An example of function is the recent U.S. EPA regulations and federal laws requiring contractors performing renovation, repair, and painting projects that disturb lead-based paint in homes, child care facilities, and schools built before 1978 to be certified and to follow specific work practices to prevent lead contamination exposure. The rule became effective April 22, 2010. Contractors working in these situations need certification in order to perform the work. One aspect of the contractor training and actual work environment is the use of respiratory protection. The recommended respirator for renovation, repair, and painting projects that do not employ power tools but that disturb lead-based paint is an N100 respirator, which filters 99.97 percent of non-oil airborne particles.

The next-generation respirator masks seek a secure fit for a broader spectrum of facial features and to address issues such as collapse and hard edges while still providing the required functionality for the specific exposure risk.

Responding to End Users' Preferences
It is important for any respirator user to determine the proper respirator for the risk to be addressed and that it properly functions for the identified risk. The next consideration in respirator selection process is that the respirator fits properly. To ensure a secure seal around the edges and a proper fit, it is recommended that users examine several different styles and brands of respirators.

The fit process is determining which of the respirators on the market properly fits the unique facial features of the user. Traditional cupped respirators tend to have ridged edges that do not mold easily to different facial features and can leaves gaps where contaminants can enter the breathing field. Some of the softer duck bill and vertical fold flat respirators can create smaller breathing fields, increasing breathing stress, and also encounter user reluctance to use because of the duck bill appearance.

The best way to ensure a proper fit is to undergo a fit test and confirm that the respirator selected fits you as an individual. It is recommended that each user be fit tested for at least two different brands of respirators so the individual's choice in comfort is readily available from the safety department and the employer. A single source is typically not the best choice for all users.

The final demand from the end user is that it has to be comfortable enough to actually wear. A great-functioning respirator that properly fits will not protect the user if he or she doesn't wear it because it is uncomfortable. Comfort often means a lightweight, easy-to-breathe-through respirator that is cosmetically acceptable in appearance and readily available. Some of today's respirators have added valves to ease the exhalation and heat buildup issues identified by many users. Many of the next-generation respirators will have increased surface area to lower breathing resistance and allow a user to talk through the mask without being muted. They will provide softer materials against the skin, more formable materials to improve the fit around the nose, and headbands with controlled stretch, creating an overall improvement in comfort.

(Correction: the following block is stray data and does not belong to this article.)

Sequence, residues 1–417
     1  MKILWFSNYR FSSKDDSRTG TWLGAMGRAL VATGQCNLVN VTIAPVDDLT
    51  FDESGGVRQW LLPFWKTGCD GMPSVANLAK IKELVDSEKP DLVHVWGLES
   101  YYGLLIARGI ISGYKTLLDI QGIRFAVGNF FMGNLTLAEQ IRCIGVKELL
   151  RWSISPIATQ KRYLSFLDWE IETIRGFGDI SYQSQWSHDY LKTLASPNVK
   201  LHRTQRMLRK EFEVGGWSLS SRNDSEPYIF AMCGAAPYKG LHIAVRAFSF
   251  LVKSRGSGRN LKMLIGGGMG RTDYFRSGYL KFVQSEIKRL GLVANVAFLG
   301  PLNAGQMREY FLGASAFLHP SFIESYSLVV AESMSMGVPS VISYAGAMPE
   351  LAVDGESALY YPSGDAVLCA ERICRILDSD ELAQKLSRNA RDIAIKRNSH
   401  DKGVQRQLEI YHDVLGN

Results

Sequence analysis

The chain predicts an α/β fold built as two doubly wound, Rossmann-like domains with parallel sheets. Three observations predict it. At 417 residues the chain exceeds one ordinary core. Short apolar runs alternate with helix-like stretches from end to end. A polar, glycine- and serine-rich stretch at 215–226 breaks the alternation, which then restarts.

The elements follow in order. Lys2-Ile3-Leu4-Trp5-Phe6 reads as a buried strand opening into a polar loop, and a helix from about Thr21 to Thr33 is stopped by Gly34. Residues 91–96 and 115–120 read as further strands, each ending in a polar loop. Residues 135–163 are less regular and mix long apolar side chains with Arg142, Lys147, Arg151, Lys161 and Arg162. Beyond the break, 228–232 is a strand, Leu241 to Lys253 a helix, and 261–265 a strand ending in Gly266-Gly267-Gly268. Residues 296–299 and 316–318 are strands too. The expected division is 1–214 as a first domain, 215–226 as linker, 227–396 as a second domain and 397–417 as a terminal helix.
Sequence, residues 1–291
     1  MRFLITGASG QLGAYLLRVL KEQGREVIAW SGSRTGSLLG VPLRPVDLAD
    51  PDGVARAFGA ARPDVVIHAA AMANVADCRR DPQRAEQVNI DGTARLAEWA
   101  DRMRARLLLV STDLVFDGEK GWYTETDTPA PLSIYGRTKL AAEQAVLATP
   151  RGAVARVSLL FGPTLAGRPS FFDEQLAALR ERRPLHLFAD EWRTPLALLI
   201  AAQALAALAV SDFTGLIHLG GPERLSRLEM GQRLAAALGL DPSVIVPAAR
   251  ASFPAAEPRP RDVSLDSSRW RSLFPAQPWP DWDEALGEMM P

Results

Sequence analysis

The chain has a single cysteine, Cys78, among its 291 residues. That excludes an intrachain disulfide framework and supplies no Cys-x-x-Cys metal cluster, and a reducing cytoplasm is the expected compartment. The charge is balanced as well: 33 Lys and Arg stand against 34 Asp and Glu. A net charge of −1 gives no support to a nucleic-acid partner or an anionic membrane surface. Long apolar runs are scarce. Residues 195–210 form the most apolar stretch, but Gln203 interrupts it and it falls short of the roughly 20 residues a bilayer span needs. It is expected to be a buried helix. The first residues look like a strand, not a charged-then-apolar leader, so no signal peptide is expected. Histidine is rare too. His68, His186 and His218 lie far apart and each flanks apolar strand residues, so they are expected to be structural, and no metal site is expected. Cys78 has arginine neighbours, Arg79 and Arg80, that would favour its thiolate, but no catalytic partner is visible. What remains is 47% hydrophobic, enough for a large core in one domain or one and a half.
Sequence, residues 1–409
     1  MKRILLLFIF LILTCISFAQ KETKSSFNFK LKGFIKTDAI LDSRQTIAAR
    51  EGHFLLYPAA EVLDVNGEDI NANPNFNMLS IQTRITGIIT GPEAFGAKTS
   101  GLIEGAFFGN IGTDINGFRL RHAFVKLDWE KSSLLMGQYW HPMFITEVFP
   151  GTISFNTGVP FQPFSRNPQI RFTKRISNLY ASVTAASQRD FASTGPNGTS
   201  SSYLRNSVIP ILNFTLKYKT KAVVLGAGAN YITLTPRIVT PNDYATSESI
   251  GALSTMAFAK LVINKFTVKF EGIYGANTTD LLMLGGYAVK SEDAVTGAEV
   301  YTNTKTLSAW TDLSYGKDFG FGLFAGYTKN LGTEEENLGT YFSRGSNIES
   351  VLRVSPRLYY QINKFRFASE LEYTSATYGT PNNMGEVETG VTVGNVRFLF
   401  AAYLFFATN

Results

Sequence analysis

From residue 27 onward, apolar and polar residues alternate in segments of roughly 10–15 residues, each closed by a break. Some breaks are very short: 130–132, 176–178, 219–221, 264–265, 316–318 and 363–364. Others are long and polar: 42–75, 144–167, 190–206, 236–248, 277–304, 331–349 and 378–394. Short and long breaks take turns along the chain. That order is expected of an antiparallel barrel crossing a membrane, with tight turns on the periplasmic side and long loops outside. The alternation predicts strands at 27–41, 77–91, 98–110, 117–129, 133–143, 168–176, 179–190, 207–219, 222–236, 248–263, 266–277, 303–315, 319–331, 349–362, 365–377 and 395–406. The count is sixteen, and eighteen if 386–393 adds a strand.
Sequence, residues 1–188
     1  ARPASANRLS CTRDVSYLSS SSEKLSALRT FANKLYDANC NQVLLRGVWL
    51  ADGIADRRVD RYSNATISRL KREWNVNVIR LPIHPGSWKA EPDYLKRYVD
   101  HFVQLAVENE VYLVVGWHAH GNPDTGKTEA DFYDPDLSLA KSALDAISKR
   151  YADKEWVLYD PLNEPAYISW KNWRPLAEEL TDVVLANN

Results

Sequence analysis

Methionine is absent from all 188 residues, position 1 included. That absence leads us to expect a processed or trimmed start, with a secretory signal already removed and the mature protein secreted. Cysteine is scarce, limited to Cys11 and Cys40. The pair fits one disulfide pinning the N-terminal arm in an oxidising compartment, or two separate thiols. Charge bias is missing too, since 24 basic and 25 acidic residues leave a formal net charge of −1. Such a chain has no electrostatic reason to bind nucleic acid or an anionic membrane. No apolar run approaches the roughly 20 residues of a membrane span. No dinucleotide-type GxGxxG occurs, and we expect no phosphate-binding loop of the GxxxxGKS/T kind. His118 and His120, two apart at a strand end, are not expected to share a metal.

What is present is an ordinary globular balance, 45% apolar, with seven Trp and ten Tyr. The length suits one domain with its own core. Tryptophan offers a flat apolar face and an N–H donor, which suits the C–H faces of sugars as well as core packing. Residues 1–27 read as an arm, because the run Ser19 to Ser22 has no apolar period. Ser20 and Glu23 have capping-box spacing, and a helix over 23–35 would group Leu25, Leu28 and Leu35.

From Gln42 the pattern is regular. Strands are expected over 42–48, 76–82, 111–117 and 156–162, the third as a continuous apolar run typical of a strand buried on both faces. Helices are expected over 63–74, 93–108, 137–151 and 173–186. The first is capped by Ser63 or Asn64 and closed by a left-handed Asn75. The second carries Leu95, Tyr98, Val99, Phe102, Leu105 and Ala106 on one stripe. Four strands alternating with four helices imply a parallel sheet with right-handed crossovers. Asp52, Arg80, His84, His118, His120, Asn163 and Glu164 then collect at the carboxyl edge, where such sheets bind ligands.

The choice of valved or non-valved really is a user choice, but both are worth evaluating for an individual user. The next-generation respirator will come in several colors -- industrial users may not like the traditional white, while health professionals may like the clean appearance of white. Some manufacturers are also offering pink headbands in support of charities.

The choices continue to expand. It comes down to user choice for appearance and availability.

This article originally appeared in the November 2010 issue of Occupational Health & Safety.

About the Author

Robert Coleman, Senior Vice President of the Gerson Company (Middleboro, Mass.), has a substantial number of years' experience in the fire, security, and safety industries. He is responsible for business and financial operations at Gerson Company, along with corporate growth and strategic planning. He can be reached at [email protected] and 508-947-4000.